Local architect and vice-president of the Antigua and Barbuda Institute of Architects, Colin John Jenkins, came to the defense of the Development Control Authority (DCA) and said that they should not shoulder all the blame for buildings not reflecting building codes. While we have no argument with that statement, the entire building code situation reminds us of one of our favourite quotes: “There’s never enough time to do it right, but there’s always enough time to do it over.” We love this Jack Bergman quote because it is such an apt description of the way we do things in the Caribbean. We refer to those wise words constantly, but usually take the liberty of changing it to “time and resources.”
The good vice-president stated, “… you have to appreciate that they have a certain amount of staff available, and Antigua is a certain size, and there are any number of projects taking place at any given time. So, I would say that they need more staff.” Duh! You don’t say! This goes directly to the heart of the quote above.
The excuse that is always applied is the lack of resources; whether that be time, money, personnel or other. However, in the aftermath of a crisis or disaster, there will be the need to find the resources to make things right while a chorus of “we should have (fill in the blank)” rings out. Coulda! Woulda! Shoulda!
The irony is, the resources that are required to fix the problems caused by the initial lack of resources are usually a whole lot more than originally required to do it right. Take Barbuda for example. It has been reported that the destruction in Barbuda following superstorm Irma was aggravated by the lack of conformity to the established building codes. It is difficult to know whether that was true or not because we are talking about a superstorm, but we must take the experts’ assessment as factual. That said, as we look forward, there is no doubt that we should be doing things right the first time and not look to pick up the pieces and do them over in the aftermath.
One area that we are happy that Mr. Jenkins addressed is the responsibility of all the stakeholders to adhere to the building codes.
This is important because it seems to be human nature to take shortcuts to save a few dollars, but in the long run, the dollars saved can often turn into thousands wasted later on. Beyond that, there is an inclination for people to always rely on government to relieve them of some basic responsibilities when the primary responsibility should, or can, rest in their hands.
When it comes to your home, the workers at the DCA are not living with you, so whose interest is best served by making sure that you deploy the time and resources to do things right the first time and follow the building code? Who is going to be holding your hand and giving you comfort during the storm? It will not be the DCA inspectors. It is up to you, as a homeowner, to ensure that your building is engineered properly and follows the building codes where applicable. It is also your responsibility to ensure that your plans are executed properly. That is where you will derive some level of comfort as the world spins around and upside down during a hurricane.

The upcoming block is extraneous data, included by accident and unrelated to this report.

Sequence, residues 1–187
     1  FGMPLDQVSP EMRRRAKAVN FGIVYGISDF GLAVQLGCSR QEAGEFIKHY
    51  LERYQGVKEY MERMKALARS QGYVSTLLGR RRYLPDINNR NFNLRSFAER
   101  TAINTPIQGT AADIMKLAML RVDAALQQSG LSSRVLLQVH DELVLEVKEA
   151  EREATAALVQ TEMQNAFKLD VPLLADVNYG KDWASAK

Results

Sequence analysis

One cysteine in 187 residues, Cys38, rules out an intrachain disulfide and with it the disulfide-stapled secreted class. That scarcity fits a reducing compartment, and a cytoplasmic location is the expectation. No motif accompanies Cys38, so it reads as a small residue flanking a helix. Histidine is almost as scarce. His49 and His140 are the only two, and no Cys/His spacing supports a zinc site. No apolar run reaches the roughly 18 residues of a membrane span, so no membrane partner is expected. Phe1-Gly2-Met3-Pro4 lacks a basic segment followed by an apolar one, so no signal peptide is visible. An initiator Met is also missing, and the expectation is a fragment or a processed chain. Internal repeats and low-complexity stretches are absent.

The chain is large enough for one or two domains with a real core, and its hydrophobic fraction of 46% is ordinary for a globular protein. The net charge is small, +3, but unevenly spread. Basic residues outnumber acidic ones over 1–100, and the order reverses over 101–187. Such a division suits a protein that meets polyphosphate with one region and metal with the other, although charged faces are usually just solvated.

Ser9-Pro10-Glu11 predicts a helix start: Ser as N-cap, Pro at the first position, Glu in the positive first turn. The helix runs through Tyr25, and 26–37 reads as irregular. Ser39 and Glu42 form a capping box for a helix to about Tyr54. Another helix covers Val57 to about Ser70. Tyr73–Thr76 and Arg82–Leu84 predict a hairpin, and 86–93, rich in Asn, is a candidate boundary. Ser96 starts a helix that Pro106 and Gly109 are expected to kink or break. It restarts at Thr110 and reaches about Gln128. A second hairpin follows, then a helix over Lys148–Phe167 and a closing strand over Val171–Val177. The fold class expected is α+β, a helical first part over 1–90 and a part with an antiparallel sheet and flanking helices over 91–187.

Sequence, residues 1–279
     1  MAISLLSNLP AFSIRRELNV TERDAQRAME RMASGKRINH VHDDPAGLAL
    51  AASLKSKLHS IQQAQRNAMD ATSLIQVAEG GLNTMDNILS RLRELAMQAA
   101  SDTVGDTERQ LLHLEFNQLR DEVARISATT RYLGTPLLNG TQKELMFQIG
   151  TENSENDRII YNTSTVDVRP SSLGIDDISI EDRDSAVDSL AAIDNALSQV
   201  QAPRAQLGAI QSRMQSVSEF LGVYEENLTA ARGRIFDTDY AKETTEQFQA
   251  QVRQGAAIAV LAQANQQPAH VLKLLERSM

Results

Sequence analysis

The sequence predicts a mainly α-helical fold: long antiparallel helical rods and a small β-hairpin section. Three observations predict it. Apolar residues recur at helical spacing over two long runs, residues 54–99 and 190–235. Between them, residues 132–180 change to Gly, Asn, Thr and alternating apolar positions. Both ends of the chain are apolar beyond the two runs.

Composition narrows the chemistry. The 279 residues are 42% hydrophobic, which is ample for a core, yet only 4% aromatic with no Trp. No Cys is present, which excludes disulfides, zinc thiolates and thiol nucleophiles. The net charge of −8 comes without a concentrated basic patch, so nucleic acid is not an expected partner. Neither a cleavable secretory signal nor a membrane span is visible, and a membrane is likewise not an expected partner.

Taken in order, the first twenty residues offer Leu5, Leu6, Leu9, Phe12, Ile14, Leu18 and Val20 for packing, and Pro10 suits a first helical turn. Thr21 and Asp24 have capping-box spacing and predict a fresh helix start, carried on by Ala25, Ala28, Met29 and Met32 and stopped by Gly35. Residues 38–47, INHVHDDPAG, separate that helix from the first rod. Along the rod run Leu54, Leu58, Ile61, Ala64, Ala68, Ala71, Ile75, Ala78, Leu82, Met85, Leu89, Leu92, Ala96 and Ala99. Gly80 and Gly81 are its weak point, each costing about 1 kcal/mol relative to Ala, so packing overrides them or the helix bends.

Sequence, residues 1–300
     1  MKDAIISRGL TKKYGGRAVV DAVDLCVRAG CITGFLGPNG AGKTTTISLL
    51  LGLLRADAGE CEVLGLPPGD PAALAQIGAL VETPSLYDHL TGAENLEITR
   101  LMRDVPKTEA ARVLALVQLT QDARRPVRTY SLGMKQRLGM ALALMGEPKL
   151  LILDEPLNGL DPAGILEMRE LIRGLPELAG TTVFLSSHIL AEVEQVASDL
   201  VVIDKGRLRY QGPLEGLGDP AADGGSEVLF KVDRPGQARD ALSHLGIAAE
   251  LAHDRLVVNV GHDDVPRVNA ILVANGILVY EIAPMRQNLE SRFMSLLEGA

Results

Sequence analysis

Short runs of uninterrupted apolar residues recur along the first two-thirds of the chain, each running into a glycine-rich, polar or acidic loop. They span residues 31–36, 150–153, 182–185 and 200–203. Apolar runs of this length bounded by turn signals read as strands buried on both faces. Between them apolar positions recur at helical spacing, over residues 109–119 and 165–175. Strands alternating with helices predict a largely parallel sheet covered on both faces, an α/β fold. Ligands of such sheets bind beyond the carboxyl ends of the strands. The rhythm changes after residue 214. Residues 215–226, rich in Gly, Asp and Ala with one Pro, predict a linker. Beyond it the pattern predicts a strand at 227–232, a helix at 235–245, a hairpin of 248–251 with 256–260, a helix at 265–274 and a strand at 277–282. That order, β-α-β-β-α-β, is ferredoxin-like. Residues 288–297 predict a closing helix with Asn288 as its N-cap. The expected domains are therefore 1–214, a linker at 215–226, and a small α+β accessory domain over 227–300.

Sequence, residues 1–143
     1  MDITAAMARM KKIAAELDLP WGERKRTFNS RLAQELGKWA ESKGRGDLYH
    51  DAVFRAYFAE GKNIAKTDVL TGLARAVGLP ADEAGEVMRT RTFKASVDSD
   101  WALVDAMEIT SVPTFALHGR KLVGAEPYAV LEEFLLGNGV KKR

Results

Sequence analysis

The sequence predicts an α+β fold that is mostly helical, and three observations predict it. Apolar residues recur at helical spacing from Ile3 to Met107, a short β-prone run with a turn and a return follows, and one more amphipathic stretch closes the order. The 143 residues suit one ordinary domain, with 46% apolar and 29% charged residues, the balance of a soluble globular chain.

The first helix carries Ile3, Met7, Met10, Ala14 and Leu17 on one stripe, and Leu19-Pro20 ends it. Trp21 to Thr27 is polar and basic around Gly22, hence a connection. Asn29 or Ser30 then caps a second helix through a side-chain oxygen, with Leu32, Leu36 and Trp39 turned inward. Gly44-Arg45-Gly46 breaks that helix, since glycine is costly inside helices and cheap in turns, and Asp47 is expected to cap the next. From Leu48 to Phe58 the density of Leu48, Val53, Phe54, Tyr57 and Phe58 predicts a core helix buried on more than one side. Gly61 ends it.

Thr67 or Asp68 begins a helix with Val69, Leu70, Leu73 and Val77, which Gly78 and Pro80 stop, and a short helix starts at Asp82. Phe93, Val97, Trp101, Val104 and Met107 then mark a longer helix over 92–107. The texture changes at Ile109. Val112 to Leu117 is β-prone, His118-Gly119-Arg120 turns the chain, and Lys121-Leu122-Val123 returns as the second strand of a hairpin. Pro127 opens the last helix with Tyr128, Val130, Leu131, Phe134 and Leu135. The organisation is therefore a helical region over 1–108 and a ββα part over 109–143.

We expect that some people will argue that we are letting the DCA off the hook and giving them a pass when it comes to inspections, but nothing could be further from the truth. We fully expect that the DCA inspectors will do their jobs to the best of their abilities. At the same time, we are realists and we know that they can only do so much with the resources at hand. Plus, whom do you prefer to give you peace of mind in this type of situation? The over-burdened DCA that has more work than available time and human resources, or the consultant whom you hired and has your best interest at heart.
This brings us full circle to our original, however modified, quote: “There’s never enough time and resources to do it right, but there’s always enough time and resources to do it over.” These are wise words to live by. All stakeholders need to ensure that the required resources are allocated up-front so that things are done right, otherwise it is probably better to delay. Or, as the older folk would say, “if you not going to do it right, don’t do it at all!”
Getting back to our Barbuda example, the government has spent millions to assist Barbuda recover and there is a strong likelihood that the number could have been reduced if the buildings were built to code. Maybe if the resources had been made available to the DCA for inspections, there may have been greater resilience to the onslaught of Irma. Maybe. What we can take-away from that disaster is that doing it right the first time gives us the best chance at not having to do it over. And that applies to more than buildings.
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